The deceptive “independent contractor” title

Brokers typically negotiate fee sharing arrangements with agents they employ using an independent contractor (IC) agreement to document the employment. Alternatively, brokers may choose other pay and tax withholding arrangements documented by an employee agreement form. Either way, they are CalBRE compliant. The basic difference is an IC agreement, in contrast with an employee agreement form, is used to avoid income tax withholding and employer contributions by real estate brokers. [See RPI Forms 505 and 506]

Regardless of the labels given to these agent employment agreements, an agent is always an employee under California’s labor law. Thus, the broker is liable as an employer for their agent’s wrongful conduct. An agent may not permissibly act independently of the broker just because they enter into an IC agreement. More particularly, the broker employing agents using an IC agreement still owes a duty of supervision to the CalBRE (as well as a mandated worker’s compensation policy). [See RPI Form 506]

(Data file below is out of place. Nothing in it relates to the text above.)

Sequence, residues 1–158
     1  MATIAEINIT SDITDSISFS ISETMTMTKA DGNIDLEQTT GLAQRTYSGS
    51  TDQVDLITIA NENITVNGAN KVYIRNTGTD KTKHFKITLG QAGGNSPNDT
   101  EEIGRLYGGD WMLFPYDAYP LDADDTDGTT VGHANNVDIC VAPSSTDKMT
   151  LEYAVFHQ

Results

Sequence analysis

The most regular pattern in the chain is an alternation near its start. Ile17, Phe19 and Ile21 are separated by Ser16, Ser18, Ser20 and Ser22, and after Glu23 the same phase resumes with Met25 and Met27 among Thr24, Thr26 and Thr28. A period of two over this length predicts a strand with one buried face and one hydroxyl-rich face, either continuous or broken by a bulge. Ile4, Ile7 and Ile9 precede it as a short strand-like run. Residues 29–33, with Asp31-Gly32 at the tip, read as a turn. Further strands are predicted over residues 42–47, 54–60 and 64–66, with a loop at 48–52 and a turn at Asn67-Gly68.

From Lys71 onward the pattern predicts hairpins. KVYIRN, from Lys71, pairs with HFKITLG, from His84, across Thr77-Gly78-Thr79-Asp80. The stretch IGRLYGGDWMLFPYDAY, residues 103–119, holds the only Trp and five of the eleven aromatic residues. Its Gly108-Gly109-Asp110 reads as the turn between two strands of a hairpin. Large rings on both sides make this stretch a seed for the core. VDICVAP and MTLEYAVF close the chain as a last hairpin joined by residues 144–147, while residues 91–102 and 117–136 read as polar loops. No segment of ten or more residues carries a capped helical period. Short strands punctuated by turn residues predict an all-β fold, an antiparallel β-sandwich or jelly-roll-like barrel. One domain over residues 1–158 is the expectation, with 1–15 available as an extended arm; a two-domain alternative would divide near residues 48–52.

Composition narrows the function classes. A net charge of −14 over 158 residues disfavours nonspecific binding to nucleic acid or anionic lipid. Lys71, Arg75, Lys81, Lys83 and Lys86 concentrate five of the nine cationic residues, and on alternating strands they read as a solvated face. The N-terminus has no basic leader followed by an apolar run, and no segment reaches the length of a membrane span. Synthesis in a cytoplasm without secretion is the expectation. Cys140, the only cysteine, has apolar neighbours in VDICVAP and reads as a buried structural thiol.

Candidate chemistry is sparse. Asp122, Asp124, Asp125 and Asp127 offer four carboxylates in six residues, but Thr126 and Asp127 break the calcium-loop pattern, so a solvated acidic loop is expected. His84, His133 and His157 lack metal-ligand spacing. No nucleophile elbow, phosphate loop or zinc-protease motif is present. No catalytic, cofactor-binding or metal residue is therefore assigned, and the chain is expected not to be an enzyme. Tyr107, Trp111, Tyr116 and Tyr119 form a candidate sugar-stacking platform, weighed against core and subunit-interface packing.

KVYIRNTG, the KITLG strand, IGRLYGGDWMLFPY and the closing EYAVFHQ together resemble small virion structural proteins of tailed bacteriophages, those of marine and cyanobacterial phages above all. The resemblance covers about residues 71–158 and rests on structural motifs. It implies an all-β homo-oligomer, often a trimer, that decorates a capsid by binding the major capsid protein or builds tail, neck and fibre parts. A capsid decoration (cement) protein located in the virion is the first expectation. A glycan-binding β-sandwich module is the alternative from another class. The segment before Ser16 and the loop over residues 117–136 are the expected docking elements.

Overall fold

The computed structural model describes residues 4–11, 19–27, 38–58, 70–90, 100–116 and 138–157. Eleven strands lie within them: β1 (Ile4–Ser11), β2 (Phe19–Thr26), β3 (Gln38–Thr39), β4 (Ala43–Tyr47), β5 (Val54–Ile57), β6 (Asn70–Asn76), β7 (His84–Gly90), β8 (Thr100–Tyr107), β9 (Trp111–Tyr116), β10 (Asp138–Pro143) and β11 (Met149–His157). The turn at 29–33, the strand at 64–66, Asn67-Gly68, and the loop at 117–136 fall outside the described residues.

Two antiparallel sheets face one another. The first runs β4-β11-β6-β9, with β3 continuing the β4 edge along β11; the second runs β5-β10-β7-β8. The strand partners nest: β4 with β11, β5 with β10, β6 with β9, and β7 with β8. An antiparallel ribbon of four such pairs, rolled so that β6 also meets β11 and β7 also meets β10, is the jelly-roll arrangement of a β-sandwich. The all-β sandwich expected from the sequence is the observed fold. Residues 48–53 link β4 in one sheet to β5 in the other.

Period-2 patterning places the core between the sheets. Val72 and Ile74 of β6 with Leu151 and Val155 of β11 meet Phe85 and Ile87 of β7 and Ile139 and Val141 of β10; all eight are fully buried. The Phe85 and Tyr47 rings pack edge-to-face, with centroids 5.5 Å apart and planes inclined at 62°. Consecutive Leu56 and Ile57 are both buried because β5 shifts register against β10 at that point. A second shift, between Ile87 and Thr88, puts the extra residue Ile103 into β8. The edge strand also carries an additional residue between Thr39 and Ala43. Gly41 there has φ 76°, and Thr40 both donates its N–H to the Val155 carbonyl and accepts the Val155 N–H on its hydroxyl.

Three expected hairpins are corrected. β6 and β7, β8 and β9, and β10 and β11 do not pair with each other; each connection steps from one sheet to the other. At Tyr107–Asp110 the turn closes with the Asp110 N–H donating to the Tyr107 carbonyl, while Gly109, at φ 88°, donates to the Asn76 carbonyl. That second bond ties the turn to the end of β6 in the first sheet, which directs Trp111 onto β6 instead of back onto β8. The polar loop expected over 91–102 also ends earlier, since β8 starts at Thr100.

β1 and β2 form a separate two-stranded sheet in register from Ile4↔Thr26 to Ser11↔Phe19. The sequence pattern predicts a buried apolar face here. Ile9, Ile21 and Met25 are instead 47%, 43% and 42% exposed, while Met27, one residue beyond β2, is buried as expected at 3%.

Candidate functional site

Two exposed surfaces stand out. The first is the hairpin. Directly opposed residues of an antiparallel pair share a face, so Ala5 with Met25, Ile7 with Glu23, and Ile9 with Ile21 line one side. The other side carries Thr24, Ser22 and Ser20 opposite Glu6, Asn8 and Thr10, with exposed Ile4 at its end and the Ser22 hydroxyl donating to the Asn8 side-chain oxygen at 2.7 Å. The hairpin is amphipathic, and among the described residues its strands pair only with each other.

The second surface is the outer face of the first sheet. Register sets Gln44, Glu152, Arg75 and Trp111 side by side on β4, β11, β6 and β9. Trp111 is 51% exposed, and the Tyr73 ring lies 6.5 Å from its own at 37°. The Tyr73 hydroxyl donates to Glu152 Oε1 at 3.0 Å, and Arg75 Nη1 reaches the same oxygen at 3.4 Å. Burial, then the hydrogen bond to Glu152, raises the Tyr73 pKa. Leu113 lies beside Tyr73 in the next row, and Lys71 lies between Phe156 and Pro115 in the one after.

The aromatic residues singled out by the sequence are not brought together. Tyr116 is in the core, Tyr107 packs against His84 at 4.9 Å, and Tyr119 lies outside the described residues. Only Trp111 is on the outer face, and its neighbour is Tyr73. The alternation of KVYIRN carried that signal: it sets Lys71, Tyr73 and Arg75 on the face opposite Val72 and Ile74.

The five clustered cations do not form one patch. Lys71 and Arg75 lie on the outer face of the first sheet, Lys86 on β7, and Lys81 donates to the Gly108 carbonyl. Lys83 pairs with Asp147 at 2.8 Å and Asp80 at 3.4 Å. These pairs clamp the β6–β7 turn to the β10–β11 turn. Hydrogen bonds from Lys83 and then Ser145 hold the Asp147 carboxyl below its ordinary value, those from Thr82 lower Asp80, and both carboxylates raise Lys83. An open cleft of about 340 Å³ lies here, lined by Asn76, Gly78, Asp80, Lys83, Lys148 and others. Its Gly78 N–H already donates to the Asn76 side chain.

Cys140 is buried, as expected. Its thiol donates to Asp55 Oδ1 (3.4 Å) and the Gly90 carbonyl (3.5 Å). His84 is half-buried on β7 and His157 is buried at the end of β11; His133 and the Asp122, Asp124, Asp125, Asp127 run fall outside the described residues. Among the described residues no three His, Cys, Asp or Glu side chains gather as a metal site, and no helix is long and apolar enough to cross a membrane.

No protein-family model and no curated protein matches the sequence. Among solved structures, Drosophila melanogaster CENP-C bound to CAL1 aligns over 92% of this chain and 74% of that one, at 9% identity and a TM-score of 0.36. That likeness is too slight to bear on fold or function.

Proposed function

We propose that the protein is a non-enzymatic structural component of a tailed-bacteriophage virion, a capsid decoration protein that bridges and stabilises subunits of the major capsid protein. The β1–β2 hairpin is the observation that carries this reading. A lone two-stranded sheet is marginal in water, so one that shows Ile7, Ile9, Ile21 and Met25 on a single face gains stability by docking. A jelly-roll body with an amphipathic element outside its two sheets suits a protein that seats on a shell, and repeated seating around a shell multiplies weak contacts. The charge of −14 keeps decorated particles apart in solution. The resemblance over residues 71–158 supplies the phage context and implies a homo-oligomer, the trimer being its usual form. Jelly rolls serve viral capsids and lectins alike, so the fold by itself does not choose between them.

Related articles:

The agent’s employment agreement – essential for an employing broker

Brokerage Reminder: Workers’ comp insurance coverage for the broker’s agents

Both types of employment agreements include a provision calling for the agent to deliver to the broker a binder for liability insurance on the agent’s car naming the broker as an insured party. Employment agreements also require all documents and funds received on listings and sales to be entered into and taken in the name of the broker, and all advertising and business cards to identify the agent as acting for the broker as an associate licensee.

Further, the agent is subject to supervision by their broker since employing brokers are mandated to actively manage their brokerage business. This CalBRE mandated supervision cannot be contracted away by an IC agreement. Thus, a broker may not permit their agents to have total discretion in their handling of listings or negotiating sales, leases or mortgages.